The worst part of the 2020 pandemic has faded away, but health-care providers— and their patients—will feel the impact of that challenging time for years.
On May 11, just weeks from now, the Biden Administration will end a public-health emergency declaration issued more than three years ago as the pandemic swept the world. That same day, the Mid-America Regional Council’s daily online COVID-tracking hub will go dark after 1,153 days. America will be able to breathe easy knowing that, as Gerald Ford declared upon succeeding the scandalized Richard Nixon as president, “the long national nightmare is over.”
Or is it?
A virus credited with more than 1.06 million American deaths may no longer be raging at epidemic levels—not a single state health department reported COVID on April 9 in their preliminary reporting—but the virus that launched this scourge continues to morph into new variants. It always will. More contagious, perhaps, but if recent history is a guide, less lethal.
Still, the toll has been historic. Worldwide, more than 6.8 million deaths have been attributed to the virus in all its forms. Nearly 10 percent of the planet’s population is known to have been infected; estimates suggest it could be multiples of that. In the U.S., nearly 1.2 billion COVID tests were processed—an average of 3.5 per person—674 million vaccine doses have been administered, and more than 6 million people were hospitalized at some point since February 2020.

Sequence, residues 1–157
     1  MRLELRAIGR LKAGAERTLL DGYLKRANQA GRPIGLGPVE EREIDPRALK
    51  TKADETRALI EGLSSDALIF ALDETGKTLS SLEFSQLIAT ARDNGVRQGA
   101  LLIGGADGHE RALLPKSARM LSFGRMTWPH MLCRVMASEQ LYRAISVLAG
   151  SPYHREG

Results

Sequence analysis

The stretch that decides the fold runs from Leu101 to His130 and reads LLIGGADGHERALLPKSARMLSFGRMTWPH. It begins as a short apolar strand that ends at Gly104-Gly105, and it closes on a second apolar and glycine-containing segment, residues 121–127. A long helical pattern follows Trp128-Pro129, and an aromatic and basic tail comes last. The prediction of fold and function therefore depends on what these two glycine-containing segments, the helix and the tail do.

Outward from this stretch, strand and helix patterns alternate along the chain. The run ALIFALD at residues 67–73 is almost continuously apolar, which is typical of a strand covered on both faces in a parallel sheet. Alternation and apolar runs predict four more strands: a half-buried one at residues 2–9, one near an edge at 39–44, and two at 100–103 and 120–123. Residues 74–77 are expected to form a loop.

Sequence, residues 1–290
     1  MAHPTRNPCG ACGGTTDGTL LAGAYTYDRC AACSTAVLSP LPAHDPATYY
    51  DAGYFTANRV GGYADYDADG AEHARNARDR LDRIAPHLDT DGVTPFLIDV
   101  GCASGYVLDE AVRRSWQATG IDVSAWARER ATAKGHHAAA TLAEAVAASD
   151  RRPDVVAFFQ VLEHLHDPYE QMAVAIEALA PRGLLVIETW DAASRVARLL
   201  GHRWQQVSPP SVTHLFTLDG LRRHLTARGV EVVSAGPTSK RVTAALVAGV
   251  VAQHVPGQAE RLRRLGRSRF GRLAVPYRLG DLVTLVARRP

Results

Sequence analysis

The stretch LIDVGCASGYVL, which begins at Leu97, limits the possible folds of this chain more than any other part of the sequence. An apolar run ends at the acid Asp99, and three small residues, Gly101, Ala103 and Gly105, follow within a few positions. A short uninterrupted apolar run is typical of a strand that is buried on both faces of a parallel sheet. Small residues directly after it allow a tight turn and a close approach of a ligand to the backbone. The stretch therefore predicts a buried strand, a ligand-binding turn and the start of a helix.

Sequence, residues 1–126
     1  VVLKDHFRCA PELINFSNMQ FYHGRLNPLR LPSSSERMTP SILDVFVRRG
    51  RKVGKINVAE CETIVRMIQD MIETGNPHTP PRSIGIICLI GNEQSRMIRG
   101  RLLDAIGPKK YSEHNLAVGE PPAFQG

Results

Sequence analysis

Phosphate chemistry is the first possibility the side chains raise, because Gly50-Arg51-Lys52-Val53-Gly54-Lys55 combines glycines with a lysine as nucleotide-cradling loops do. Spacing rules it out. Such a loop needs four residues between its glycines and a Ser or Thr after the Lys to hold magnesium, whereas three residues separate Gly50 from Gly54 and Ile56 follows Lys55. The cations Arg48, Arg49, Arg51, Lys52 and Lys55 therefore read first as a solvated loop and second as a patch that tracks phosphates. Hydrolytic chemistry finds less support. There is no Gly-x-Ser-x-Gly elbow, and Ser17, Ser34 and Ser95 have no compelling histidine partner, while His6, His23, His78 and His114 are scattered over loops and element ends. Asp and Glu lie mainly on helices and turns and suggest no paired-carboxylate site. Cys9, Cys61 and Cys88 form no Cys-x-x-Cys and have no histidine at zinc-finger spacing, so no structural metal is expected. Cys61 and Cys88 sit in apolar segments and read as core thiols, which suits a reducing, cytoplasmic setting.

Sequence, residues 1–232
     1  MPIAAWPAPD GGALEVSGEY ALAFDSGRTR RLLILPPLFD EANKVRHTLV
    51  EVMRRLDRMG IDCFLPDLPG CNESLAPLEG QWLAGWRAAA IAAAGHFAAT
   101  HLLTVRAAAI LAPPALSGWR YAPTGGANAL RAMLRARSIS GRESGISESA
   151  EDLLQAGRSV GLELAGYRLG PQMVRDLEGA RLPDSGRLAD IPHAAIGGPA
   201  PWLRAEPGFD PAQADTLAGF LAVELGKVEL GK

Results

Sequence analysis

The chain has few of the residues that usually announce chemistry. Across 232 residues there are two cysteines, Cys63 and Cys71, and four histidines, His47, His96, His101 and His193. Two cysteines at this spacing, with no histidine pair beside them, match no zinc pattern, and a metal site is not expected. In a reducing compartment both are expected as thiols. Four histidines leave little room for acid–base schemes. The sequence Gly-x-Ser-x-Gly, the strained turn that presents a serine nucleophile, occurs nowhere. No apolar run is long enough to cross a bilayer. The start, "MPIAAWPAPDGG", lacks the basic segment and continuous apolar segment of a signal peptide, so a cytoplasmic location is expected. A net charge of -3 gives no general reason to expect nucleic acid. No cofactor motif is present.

The cost of all that? Trillions. Not just for managing the health crisis and financing research and distribution of workable vaccines, but in lost workplace productivity, lost worker income, business failures, unpaid rent, lost life-years because of suicide, drug abuse, and deferred health-care delivery.
And, of course, a health-care delivery system rocked to its core and challenged in ways no living person can recall. An estimated 333,000 health-care workers, besieged with patient loads, quit their jobs in 2021 alone, according to one industry study. Worse, in 2021 alone, an estimated 3,600 health-care workers died after contracting the virus, many of them at work. That figure is more than 24 times the number of public-safety workers—police and firefighters—who died in the line of duty over that same year.
The path forward, health professionals say, offers reasons to be hopeful—and still too many reasons to be concerned.
“There is good news about where we are now with COVID-19,” says Lee Norman, former secretary of Health for Kansas and a past chief Medical Officer at The University of Kansas Hospital. For one, the virus is becoming more predictable in its behavior, which provides a better understanding of how to manage severe cases, he said. Lower transmission rates have allowed for the relaxation of anti-infective practices, such as mask-wearing and isolation.
The most encouraging, Norman says, is that the nation’s health-care system can take a fresh look at the care model. “Are there better models of team care that allow all providers to work better, at the top of their licenses, differently as a team, utilizing physicians, nurses, nurse practitioners, community health workers, and medical assistants?” he said. “Is that also true for (delivery of) care in homes and community locations, technology-assisted, as through telemedicine? I think yes.”